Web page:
This online library provides resources from the Right to Education Project as well as from other partner organisations. You can filter relevant resources by topic, region, country, content type and language. Note that resources in other languages will be available soon.

See also our list of useful databases for information on the implementation of the right to education at national level.

The Education for All (EFA) movement is a global commitment to provide quality basic education for all children, youth and adults. At the World Education Forum (Dakar, 2000), 164 governments pledged to achieve EFA and identified six goals to be met by 2015. Governments, development agencies, civil society and the private sector are working together to reach the EFA goals.

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The fifth edition of NORRAG Special Issue (NSI 05)) entitled 'Domestic Financing: Tax and Education' aims to analyse tax justice and domestic resource mobilization, with a special focus on the global South.

NSI 05 consists of 25 articles which aim to highlight global and national-level experiences and perspectives. It calls for greater attention to issues that influence national resource capacities for education and how that funding may be used. Questions of financing education are even more pressing as we face the consequences of Covid-19 and the impact of lockdowns globally. This pandemic is radically changing school attendance and learning, as well as the amount of education spending available from a diminished tax base.

The issue is composed of six sections that showcase global perspectives as well as local case studies, discussing the links between tax justice and domestic financing for education from different standpoints. 

  • Part one features global perspectives on tax and education, why tax matters — particularly in times of a global health crisis — and the role of international instruments and actors.
  • Part two sheds light on progressive and regressive national tax reforms with specific case studies from Ghana, India and Pakistan.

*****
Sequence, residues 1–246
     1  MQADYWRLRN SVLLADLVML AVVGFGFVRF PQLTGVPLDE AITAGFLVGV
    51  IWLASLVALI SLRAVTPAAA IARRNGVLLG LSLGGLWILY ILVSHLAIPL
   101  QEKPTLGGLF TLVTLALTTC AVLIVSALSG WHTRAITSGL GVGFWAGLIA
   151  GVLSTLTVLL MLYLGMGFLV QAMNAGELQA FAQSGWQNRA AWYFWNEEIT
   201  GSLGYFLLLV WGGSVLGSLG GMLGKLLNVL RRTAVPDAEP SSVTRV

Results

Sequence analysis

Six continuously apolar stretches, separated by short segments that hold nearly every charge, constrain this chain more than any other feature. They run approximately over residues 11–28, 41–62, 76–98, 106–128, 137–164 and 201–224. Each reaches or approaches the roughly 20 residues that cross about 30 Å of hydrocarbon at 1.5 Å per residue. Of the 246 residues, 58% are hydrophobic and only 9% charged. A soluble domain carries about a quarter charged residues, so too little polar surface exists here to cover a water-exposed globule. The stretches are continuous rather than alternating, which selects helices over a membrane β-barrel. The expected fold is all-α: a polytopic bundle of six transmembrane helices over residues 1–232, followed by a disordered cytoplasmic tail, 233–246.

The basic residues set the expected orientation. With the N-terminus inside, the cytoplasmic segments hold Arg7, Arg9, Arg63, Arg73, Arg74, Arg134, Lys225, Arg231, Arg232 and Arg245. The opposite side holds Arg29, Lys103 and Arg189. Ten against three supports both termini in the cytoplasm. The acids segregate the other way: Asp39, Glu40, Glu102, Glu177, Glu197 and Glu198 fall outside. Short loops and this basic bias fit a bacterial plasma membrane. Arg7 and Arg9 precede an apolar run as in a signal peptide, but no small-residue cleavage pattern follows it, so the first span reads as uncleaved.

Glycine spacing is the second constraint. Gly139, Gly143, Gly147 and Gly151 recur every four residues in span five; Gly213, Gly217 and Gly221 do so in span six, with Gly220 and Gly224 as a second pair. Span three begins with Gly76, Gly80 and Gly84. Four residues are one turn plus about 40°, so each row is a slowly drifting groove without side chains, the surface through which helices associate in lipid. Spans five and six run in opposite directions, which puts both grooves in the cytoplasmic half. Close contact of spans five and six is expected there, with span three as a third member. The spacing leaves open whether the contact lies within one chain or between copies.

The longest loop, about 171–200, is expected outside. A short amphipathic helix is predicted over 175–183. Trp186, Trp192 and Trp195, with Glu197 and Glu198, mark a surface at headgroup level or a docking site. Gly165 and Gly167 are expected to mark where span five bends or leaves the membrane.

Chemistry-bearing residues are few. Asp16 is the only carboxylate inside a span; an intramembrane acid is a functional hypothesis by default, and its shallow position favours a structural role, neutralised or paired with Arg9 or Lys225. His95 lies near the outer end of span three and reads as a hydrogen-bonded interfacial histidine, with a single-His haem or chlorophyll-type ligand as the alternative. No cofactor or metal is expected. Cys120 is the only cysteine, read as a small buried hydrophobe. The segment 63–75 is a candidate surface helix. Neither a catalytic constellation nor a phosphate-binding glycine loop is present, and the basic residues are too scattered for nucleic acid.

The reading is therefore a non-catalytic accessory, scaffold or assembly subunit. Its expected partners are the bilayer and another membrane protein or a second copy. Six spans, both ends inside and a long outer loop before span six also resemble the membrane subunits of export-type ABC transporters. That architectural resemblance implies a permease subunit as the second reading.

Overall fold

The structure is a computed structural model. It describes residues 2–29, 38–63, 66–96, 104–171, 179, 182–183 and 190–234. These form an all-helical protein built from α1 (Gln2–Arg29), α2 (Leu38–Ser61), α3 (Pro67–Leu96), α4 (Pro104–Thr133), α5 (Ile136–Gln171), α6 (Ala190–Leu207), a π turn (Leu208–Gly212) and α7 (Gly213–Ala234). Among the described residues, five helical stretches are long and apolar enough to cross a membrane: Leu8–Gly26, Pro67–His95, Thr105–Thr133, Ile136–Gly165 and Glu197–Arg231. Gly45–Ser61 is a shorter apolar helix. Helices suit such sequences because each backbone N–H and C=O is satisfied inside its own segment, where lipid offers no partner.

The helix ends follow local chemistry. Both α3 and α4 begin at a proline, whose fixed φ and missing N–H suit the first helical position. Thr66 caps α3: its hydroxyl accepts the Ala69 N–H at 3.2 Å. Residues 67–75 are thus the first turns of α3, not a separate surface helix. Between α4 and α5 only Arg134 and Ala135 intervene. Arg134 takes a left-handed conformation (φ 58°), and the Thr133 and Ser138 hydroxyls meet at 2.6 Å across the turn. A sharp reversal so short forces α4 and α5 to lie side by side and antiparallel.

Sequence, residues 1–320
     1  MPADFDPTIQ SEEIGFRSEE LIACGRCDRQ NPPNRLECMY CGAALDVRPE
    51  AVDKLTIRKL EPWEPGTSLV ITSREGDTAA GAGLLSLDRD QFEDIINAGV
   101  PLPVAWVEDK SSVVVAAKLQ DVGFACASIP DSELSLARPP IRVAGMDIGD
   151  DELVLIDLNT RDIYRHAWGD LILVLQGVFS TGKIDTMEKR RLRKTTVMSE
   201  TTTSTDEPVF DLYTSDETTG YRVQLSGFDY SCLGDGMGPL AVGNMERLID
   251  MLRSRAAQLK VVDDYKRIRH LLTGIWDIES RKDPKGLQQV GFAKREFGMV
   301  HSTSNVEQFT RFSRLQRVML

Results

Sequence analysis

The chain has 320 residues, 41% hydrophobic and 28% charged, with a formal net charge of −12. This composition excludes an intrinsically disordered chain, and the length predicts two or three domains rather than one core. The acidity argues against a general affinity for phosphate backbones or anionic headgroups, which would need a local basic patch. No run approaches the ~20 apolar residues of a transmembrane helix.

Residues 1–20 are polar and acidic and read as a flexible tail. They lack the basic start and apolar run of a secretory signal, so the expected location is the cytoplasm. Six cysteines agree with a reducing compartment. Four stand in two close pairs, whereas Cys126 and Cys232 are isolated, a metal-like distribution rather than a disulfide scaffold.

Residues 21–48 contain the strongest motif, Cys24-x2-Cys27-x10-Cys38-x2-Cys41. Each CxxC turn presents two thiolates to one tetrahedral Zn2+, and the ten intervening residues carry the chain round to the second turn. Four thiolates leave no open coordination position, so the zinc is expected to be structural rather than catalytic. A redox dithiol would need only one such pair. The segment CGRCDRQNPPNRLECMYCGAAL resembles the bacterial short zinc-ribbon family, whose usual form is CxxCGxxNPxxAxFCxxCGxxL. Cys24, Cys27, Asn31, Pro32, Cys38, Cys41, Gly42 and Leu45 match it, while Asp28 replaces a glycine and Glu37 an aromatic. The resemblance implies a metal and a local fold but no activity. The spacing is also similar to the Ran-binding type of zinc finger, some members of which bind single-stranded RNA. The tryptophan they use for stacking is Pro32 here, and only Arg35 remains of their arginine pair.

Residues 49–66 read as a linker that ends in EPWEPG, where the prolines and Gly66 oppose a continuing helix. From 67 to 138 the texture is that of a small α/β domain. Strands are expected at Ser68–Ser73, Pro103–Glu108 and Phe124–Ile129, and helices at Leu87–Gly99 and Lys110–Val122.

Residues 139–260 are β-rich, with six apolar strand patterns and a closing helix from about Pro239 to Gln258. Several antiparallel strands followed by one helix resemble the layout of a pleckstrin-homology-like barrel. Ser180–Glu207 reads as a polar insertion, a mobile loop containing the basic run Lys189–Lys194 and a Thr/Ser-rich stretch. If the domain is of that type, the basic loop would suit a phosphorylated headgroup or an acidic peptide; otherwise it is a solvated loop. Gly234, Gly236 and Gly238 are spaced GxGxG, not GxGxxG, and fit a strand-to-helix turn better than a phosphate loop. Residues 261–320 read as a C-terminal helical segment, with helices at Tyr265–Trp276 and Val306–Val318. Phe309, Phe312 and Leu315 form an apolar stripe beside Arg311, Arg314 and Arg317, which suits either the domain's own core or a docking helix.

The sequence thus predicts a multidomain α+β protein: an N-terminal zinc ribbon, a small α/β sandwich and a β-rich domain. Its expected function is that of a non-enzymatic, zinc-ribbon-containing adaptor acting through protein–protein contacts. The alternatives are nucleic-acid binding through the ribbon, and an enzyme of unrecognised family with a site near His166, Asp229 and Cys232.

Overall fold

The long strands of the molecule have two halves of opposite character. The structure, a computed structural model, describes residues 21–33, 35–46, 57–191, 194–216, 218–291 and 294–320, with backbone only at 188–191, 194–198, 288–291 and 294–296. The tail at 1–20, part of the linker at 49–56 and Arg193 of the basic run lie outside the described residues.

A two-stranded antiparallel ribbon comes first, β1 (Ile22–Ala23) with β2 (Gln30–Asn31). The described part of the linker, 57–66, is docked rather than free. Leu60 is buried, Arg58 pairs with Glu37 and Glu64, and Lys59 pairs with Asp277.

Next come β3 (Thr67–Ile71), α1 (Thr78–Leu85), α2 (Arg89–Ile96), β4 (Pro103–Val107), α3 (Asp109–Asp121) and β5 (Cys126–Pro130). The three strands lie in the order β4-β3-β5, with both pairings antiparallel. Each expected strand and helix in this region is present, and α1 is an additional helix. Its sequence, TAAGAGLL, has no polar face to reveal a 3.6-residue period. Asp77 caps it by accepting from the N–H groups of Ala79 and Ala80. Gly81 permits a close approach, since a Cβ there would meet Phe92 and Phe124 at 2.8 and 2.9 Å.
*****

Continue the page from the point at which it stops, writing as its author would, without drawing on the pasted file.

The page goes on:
• Part three salutes local movements and activism to reform tax for equitable education provision.
  • Part four calls for global reforms and greater attention to the impacts of corporations and philanthropic actors on tax justice.
  • Part five addresses concerns regarding the increasing trend of privatization of education, illustrated by three case studies from the Dominican Republic, Peru, and Uganda
  • Part six outlines the social movements and struggles surrounding education and tax.

Chapter 3 focuses on the obligations under international human rights law to resources public education through taxes.

NSI 05’s guest editor, David Archer, is Head of Civic Participation, Tax Justice and Public Services at ActionAid (UK), and holds extensive experience in education. He co-founded the Global Campaign for Education, is the Board Chair of the Right to Education Initiative, Chair of the Strategy and Impact Committee of the Global Partnership for Education and is a trustee of the UK Education and Development Forum (UKFIET).

The fifth edition of NORRAG Special Issue (NSI 05)) entitled 'Domestic Financing: Tax and Education' aims to analyse tax justice and domestic resource mobilization, with a special focus on the global South.

NSI 05 consists of 25 articles which aim to highlight global and national-level experiences and perspectives. It calls for greater attention to issues that influence national resource capacities for education and how that funding may be used. Questions of financing education are even more pressing as we face the consequences of Covid-19 and the impact of lockdowns globally. This pandemic is radically changing school attendance and learning, as well as the amount of education spending available from a diminished tax base.

The issue is composed of six sections that showcase global perspectives as well as local case studies, discussing the links between tax justice and domestic financing for education from different standpoints. 

  • Part one features global perspectives on tax and education, why tax matters — particularly in times of a global health crisis — and the role of international instruments and actors.
  • Part two sheds light on progressive and regressive national tax reforms with specific case studies from Ghana, India and Pakistan.
  • Part three salutes local movements and activism to reform tax for equitable education provision.
  • Part four calls for global reforms and greater attention to the impacts of corporations and philanthropic actors on tax justice.